One of the most important things about Kal-El is his villains, without whom there’d be no point to his character. In fact, him having villains makes his tolerable, because it means that he’s at least doing something right. Superman Doomsday is about one thing: the fight between Kal-El and Doomsday. Kal-El being the Human element, who fights Doomsday to protect Metropolis, and Doomsday being the un-Human element, who destroys what he sees out of animalistic instinct. Doomsday is a key Kal-El villain, as the only creature that was ever able to actually kill him, in Superman vol. 2 #75, Doomsday!. And like other direct-to-DVD productions, Superman Doomsday adapts that storyline.
The problem with Superman Doomsday is that, for a villain with top billing, alongside the protagonist, Doomsday doesn’t really appear very much. As soon as he escapes, and heads toward Metropolis, Kal-El engages him and the fight begins. But the fight is also over pretty quickly, and what follows is a new story involving a false Kal-El and Lex Luthor, who’s never actually defeated or reaches some sort of closure. The final shot is Luthor realizing his first plan’s failed, only to declare that he’ll beat Kal-El eventually. Which just about sums-up how this works: there are lots of elements of the mythology, which are either underused or unnecessary. One scene has Toyman terrorising a bridge, only for Toyman to be instantly killed minutes later. He even had to introduce himself to the audience by speaking in the third person, along with puns. That’s a thing, as well. Superman Doomsday is filled with puns, and after a while they lose their effect.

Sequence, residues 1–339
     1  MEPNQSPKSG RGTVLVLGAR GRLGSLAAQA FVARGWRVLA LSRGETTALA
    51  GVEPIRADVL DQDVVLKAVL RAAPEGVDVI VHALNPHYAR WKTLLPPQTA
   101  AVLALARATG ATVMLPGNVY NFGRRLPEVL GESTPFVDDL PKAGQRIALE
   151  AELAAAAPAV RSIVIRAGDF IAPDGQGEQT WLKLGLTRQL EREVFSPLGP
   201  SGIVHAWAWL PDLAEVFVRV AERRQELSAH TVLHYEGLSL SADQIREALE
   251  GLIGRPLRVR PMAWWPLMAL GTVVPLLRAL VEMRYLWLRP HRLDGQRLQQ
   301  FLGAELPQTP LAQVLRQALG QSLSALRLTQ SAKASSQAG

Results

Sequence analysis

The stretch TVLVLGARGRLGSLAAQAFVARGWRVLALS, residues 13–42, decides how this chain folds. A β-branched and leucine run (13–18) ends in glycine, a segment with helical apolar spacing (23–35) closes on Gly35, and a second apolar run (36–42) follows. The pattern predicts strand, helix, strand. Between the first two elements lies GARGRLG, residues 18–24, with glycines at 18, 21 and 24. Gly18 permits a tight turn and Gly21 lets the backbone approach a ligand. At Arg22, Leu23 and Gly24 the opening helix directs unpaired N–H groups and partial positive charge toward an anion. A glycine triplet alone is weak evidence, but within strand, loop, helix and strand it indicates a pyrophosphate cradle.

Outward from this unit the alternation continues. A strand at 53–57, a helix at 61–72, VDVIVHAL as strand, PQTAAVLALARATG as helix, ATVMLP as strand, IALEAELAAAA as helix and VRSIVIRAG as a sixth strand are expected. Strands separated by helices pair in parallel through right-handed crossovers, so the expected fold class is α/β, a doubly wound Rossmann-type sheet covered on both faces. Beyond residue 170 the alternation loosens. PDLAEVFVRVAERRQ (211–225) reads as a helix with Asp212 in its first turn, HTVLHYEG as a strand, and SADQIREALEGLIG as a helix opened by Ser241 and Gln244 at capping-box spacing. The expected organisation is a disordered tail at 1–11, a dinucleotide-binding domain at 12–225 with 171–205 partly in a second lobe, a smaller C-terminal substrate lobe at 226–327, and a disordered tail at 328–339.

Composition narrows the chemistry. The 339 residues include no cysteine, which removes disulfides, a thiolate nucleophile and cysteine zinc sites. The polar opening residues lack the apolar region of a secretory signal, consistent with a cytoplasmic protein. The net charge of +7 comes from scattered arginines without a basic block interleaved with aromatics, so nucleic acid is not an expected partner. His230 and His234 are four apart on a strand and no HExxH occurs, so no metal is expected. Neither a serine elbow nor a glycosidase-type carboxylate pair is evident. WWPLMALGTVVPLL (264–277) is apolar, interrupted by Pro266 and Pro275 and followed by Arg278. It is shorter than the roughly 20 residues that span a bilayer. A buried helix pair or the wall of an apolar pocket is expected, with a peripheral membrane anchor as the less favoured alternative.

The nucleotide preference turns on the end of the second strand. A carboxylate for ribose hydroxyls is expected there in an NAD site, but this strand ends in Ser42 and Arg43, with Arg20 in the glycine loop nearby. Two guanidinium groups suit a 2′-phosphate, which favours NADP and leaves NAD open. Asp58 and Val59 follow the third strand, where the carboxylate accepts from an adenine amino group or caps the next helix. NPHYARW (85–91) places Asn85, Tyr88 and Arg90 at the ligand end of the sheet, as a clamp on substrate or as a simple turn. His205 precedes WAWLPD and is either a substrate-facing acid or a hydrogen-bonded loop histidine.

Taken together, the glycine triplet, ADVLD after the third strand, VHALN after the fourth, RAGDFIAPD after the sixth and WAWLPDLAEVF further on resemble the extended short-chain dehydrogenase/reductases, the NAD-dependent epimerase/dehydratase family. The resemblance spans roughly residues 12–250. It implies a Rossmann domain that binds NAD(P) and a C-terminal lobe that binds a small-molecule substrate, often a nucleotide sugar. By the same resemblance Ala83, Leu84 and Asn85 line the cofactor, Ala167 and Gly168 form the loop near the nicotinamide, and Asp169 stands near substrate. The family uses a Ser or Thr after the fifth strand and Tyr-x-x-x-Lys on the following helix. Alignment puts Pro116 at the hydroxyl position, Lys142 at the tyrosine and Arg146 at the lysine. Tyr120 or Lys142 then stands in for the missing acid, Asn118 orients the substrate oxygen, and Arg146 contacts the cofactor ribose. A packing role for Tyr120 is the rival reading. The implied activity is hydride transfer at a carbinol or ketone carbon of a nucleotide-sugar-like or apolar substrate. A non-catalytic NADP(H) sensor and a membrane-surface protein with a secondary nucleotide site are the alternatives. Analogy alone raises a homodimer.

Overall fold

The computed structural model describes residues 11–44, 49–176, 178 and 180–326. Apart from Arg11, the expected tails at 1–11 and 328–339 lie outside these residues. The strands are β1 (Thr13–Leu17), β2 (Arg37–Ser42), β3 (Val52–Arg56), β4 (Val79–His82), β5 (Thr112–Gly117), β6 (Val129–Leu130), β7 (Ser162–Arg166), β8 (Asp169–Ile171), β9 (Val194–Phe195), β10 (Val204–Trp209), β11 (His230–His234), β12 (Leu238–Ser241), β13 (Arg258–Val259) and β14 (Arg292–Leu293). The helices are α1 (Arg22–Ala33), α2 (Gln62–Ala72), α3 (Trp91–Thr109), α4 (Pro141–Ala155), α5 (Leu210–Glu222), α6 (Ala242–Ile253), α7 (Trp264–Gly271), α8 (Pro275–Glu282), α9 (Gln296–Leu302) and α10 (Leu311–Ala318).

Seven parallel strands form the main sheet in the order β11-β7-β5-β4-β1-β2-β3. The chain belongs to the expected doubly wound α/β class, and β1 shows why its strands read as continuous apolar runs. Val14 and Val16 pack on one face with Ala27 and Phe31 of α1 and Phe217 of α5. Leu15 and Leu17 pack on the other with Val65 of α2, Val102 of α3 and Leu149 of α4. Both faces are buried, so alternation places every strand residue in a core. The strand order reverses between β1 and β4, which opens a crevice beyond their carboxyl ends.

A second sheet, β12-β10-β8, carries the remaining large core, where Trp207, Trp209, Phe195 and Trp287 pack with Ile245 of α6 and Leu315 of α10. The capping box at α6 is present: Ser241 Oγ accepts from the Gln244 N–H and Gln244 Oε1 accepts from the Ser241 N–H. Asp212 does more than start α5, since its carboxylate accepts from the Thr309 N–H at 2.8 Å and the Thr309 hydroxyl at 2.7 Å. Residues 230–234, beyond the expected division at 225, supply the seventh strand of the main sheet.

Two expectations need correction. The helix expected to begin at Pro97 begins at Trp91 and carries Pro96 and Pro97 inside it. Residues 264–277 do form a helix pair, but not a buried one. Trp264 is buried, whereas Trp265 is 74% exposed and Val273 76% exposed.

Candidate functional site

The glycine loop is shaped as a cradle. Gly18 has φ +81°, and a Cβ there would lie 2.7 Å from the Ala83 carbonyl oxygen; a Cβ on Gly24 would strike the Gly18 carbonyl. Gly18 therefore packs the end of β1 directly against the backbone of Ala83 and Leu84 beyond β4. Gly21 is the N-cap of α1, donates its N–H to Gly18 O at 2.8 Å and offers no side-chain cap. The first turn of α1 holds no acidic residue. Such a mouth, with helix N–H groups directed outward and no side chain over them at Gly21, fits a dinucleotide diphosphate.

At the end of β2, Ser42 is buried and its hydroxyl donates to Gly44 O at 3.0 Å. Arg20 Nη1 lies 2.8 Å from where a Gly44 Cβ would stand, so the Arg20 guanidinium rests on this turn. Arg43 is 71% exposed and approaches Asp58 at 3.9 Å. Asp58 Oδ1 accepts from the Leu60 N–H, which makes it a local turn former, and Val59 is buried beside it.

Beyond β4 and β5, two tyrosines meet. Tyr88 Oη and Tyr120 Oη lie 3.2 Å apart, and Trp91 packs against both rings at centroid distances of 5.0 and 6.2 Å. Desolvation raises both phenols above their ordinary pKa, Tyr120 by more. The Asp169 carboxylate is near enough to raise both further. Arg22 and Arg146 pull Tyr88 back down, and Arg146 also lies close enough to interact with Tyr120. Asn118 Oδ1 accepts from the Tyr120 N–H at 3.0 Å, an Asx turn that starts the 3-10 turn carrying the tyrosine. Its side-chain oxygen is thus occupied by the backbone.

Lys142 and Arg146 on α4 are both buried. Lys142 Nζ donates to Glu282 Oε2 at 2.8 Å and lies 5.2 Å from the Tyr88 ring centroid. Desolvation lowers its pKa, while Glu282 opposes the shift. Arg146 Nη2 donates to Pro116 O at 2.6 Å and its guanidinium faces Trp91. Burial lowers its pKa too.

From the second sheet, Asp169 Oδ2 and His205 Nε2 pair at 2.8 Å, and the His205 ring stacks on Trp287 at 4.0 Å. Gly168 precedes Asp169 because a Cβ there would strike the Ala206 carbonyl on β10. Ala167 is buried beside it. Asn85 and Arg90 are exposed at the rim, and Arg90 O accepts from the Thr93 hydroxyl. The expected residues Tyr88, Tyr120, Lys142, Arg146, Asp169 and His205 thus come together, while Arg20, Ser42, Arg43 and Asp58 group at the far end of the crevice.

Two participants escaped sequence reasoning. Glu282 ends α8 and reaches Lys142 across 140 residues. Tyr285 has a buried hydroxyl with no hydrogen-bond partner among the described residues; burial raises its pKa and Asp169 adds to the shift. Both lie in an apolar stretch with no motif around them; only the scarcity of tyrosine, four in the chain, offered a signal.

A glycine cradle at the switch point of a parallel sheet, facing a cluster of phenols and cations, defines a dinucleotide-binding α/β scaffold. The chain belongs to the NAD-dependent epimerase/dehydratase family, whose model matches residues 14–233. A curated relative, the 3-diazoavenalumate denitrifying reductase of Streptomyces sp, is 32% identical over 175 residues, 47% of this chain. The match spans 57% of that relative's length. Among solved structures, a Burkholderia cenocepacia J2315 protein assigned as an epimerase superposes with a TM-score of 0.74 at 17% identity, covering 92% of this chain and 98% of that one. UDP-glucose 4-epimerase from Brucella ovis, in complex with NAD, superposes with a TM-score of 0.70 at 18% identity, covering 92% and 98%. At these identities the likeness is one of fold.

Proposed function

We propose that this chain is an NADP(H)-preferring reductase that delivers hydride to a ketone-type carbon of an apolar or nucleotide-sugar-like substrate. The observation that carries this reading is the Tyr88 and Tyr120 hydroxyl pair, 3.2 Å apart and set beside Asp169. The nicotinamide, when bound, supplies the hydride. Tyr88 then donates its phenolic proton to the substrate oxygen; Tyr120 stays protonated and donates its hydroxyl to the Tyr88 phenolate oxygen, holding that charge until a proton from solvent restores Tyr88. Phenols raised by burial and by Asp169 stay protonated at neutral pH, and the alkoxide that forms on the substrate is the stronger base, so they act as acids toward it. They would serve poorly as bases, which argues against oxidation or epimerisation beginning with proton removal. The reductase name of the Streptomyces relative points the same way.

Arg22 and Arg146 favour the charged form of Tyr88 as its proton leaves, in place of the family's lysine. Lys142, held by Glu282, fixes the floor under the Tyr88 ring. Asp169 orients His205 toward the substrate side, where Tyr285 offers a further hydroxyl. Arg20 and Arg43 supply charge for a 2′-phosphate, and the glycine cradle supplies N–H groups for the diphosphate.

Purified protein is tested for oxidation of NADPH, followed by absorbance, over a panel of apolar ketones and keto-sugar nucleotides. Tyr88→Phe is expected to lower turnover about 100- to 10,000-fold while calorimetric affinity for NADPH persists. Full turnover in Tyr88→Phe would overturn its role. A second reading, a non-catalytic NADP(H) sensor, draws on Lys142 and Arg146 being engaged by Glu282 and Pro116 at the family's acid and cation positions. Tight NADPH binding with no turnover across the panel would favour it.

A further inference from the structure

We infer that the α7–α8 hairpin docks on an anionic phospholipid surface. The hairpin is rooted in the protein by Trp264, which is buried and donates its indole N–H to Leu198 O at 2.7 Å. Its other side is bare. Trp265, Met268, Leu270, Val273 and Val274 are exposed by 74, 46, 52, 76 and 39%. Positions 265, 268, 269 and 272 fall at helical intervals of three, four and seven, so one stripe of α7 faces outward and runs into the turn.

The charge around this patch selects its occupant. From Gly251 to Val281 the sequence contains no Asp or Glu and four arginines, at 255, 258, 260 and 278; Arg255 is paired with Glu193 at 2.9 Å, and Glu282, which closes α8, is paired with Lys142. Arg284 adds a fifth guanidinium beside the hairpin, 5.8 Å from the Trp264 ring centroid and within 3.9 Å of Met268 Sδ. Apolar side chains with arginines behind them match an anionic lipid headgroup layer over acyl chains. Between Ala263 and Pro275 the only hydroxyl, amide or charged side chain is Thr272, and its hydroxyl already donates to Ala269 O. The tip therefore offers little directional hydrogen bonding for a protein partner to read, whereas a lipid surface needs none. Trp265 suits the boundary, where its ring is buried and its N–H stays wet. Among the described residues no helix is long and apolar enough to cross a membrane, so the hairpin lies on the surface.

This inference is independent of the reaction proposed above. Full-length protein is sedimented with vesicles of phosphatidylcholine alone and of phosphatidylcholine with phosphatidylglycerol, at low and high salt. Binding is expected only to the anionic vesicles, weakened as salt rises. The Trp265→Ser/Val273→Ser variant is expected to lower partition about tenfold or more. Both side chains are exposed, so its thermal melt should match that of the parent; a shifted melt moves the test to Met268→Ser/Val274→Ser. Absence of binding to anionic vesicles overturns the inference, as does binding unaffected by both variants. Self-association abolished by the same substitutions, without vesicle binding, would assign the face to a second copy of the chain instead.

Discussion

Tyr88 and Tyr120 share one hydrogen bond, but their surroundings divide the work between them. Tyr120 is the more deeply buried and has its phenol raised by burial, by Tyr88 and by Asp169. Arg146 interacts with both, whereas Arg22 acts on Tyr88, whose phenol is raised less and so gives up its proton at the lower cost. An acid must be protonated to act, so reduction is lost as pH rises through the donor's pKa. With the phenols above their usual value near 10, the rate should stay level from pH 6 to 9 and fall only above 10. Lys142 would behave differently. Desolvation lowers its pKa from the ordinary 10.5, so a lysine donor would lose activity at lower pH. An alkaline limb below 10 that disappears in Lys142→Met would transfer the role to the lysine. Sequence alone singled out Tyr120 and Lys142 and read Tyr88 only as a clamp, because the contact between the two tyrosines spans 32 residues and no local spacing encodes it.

A much more daring approach would have been to make the whole thing a battle between the two, ending in their mutual defeats. Except Warner Premiere don’t really like having continuity between their different releases, so that’s put the scuppers on that idea. And they clearly didn’t want to do something more than ninety minutes long, since it wasn’t being released in mainstream cinema. Which is immediately a problem, since they wanted there to be a fight with Doomsday, but also a continuation involving the infamous resurrection, since they didn’t want to end of the sombre not of their flagship character being killed, without a way for him to have survived.
So really, the problem with Superman Doomsday is that it’s not really about Doomsday. Doomsday is only there for Superman to quickly die, and make the real story be actually about him showing his ability to survive anything. And given it’s direct-to-DVD, and that therefore, only fans will be seeing it… wouldn’t they want a bit more than that? Rather than taking eighty minutes to get a message the same message as always, isn’t there a more interesting spin on it? Of course, it is only eighty minutes, and there isn’t really a legitimate problem with something at least being watchable and satisfying the audience. It might not be much – in fact, it’s pretty much the most basic idea of Superman being unkillable – but the animation’s pretty cool, and there are worse ways to pass eighty minutes of an evening. Even if it isn’t what you might be expecting.
Superman Doomsday: tangential storytelling with adequate animation. 5/10